28 October 2016 | NGC 772

NGC 772

Credit: Karel Teuwen | Click image to enlarge and here for full-size (13MB)

Image Data
  • Location: Verclause (France)
  • Date taken: 26, 27, 29, 30/08 and 01, 02, 03, 04/09/2016
  • Camera: FLI ML16803 + CFW-5-7
  • Optics: 40cm corrected [email protected]
  • Filters: Astrodon Gen2 Tru-Balance E-series LRGB
  • Exposure: Lum : 500 min (1x1bin) and RGB 280:280:280 min (1x1bin)

NGC 772 is located in the constellation of Aries at approximately 130 million light years in distance. It’s classified as an unbarred spiral galaxy and is believed to be twice the size of our own galaxy at 200,000 light years across. It also has a designation of Arp 78. This additional classification by Halton Arp in 1966 was due to the galaxy being an irregular shape and having a peculiar structure that at that time was not understood.

There are several other satellite galaxies close-by. Directly above NGC772 there’s a line of three galaxies, right to left NGC770, 2MASX J01590581+1857308 and on the left PGC 7493. The gravitational tidal force of the dwarf elliptical galaxy NGC770 is thought likely to have caused the single elongated outer spiral arm.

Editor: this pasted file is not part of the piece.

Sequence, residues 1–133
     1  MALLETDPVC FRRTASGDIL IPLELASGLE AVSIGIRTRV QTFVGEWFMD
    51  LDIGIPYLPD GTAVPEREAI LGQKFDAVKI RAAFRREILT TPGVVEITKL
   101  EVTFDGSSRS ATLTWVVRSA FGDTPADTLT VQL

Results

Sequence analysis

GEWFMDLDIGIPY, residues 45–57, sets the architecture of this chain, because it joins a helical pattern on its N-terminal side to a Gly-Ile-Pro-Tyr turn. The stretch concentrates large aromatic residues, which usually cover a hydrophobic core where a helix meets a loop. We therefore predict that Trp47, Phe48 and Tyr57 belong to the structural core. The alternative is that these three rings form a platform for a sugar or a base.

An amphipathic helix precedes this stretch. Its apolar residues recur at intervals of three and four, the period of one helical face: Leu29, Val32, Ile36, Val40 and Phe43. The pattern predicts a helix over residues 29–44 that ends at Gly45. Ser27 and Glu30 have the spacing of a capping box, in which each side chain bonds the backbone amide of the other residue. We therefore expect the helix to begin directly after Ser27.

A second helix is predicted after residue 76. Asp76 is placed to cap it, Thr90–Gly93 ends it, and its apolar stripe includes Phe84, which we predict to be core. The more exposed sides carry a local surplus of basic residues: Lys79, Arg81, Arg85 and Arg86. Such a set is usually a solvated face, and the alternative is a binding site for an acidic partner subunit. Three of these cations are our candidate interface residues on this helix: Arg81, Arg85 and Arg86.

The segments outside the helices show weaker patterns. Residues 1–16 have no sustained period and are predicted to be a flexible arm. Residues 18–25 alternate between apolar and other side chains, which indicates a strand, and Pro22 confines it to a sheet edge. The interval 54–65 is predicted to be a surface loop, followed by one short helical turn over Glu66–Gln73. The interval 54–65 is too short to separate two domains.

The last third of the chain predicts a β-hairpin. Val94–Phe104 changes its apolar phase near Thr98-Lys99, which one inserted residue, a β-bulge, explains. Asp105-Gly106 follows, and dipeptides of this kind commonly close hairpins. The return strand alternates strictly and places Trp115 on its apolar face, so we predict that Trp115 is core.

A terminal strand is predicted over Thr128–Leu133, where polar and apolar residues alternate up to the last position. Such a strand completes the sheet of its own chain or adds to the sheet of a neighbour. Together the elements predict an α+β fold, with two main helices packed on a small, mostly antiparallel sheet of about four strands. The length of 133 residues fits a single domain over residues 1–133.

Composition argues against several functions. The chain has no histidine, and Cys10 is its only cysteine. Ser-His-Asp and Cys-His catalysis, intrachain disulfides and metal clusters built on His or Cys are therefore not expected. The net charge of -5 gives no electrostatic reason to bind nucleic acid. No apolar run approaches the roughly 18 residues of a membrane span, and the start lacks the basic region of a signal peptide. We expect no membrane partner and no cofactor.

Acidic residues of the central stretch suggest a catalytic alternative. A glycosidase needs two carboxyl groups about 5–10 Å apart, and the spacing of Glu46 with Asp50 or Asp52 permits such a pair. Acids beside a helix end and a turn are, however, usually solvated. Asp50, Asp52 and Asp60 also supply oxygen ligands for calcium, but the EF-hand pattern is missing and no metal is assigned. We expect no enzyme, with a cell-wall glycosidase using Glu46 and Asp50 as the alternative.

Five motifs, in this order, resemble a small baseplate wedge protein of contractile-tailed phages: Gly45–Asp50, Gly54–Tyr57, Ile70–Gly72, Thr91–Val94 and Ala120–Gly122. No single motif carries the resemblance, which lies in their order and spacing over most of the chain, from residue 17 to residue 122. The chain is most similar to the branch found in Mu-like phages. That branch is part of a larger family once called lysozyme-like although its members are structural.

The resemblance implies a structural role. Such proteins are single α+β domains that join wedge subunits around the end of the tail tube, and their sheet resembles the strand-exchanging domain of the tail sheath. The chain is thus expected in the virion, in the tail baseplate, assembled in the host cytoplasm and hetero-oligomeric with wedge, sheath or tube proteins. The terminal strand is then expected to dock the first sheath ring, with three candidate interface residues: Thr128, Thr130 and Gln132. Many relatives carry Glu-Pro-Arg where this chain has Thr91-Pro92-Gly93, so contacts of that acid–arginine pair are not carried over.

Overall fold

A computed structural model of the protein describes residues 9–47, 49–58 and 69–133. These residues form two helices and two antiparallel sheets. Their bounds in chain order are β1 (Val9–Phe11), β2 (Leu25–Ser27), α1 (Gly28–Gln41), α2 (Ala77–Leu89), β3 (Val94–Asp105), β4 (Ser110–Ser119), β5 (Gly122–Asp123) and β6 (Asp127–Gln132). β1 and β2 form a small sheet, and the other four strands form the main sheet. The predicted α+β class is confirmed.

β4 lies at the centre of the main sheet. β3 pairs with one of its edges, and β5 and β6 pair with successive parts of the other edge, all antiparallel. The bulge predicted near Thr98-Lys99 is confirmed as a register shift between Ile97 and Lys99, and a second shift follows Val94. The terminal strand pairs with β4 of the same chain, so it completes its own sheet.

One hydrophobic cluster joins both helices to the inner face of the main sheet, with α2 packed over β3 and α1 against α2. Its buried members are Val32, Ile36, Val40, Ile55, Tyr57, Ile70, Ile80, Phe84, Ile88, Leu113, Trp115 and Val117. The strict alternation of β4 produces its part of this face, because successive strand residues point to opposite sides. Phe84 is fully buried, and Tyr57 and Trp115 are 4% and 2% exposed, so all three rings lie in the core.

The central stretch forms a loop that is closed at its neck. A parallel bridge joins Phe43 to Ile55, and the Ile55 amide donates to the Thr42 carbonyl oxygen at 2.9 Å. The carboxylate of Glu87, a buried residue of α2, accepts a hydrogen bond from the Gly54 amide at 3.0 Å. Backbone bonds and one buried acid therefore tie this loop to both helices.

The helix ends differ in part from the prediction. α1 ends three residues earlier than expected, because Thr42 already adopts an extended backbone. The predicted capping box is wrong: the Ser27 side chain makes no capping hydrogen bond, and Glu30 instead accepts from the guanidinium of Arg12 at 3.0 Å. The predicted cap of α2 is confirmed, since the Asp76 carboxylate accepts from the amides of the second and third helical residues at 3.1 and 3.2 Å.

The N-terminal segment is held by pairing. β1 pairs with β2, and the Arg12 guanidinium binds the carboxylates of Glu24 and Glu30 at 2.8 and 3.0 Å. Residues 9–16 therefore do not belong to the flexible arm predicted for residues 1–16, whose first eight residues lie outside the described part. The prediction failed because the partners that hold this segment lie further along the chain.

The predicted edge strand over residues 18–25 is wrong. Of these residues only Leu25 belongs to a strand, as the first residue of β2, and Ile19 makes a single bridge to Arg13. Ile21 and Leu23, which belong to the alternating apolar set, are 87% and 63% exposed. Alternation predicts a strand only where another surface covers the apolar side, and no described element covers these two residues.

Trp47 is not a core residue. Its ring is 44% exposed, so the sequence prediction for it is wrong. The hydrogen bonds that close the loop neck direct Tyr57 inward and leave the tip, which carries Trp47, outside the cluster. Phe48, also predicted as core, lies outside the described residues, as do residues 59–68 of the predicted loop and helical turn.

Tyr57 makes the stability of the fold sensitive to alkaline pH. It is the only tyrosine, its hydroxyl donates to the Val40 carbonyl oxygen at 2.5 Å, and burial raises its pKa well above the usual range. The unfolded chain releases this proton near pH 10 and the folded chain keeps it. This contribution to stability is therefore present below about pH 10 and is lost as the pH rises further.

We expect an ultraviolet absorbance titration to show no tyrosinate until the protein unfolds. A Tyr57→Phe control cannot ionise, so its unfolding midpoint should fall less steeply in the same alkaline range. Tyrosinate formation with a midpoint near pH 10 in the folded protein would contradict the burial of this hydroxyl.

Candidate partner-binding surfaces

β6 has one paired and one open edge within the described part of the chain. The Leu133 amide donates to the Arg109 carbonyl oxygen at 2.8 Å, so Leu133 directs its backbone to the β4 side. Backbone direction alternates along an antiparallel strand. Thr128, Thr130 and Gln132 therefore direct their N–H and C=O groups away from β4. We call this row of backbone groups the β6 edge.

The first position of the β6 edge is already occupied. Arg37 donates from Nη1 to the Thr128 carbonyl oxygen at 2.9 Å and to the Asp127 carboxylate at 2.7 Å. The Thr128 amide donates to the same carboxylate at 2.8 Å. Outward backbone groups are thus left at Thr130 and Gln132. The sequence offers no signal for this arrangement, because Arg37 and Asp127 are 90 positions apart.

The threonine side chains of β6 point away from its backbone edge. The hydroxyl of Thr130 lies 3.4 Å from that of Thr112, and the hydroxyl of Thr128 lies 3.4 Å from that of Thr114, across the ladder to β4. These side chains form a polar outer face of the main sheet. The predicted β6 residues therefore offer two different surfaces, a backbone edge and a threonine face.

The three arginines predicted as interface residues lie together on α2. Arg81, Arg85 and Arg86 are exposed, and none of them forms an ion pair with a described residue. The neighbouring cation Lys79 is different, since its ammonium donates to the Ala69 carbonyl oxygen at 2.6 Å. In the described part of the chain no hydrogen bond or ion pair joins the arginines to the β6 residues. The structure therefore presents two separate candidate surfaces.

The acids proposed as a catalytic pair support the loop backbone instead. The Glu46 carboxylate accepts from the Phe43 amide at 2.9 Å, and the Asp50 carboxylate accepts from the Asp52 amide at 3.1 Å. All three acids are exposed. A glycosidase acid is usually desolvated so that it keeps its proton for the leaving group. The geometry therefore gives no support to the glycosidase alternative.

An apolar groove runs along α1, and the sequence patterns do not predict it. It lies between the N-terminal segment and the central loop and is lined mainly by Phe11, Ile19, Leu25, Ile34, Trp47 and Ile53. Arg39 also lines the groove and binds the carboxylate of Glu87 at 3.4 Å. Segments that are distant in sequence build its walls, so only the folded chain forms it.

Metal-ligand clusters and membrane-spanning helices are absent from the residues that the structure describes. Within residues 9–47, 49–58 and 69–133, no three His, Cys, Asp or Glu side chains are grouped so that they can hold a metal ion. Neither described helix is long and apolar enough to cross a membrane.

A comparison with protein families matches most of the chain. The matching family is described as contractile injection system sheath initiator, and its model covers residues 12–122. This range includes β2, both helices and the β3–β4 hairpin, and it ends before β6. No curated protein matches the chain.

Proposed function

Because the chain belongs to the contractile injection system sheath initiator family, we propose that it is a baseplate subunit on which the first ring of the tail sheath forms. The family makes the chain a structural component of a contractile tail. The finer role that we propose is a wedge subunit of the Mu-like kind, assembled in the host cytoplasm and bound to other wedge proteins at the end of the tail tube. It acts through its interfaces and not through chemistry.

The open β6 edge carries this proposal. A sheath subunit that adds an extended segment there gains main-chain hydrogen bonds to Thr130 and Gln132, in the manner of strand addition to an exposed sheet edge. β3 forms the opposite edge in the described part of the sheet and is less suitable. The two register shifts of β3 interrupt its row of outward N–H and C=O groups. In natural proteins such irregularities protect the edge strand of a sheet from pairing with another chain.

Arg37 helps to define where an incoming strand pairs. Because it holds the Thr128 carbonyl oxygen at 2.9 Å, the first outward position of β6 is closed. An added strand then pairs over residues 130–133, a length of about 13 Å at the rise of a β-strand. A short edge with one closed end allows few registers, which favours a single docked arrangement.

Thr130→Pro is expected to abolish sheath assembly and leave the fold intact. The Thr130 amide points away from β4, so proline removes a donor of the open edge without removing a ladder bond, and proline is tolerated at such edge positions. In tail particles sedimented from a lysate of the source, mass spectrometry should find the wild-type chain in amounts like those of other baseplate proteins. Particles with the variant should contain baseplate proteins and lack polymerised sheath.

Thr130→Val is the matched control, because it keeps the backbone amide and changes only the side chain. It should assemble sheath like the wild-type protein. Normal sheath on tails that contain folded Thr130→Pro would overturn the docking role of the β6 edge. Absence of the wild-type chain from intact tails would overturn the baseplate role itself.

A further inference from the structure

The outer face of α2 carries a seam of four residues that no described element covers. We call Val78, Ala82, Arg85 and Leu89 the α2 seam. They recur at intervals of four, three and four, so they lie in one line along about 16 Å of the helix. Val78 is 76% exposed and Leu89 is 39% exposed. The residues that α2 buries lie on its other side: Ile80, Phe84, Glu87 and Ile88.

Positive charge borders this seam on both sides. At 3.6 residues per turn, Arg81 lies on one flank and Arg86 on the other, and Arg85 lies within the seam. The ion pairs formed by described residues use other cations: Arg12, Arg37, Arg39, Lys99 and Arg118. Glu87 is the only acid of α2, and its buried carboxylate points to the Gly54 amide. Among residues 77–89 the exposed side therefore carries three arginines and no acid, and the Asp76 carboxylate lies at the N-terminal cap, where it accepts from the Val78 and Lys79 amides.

There’s a noticeable Integrated Flux Nebula (IFN) or its other name Galactic Cirrus around the whole frame. IFN are huge and soft nebulous filament systems belonging to the high galactic latitudes of the Milky Way. The largest of these systems extends along the northernmost constellations of the Northern hemisphere. The clouds themselves are made up of infinitesimally small interstellar dust particles hydrogen and carbon monoxide and other elements, but because of our position in the Milky Way we are always looking outwards and so our views include these huge dust systems.

Galactic Cirrus was first recorded on an optical plate at the Palomar Observatory in 1965 and then catalogued by B.T. Lynds. The IFN can be seen because the interstellar dust within the cloud reflects blue light and also glows red as it is illuminated by the very glow of our own Milky Way. For some time it was mistakenly identified as evidence of galactic interactions in some specific area, or by many imagers it was actually considered to be an artifact and so was processed out. Only now are we fully appreciating the expanse and depth of this faint and tantalising interstellar dust.

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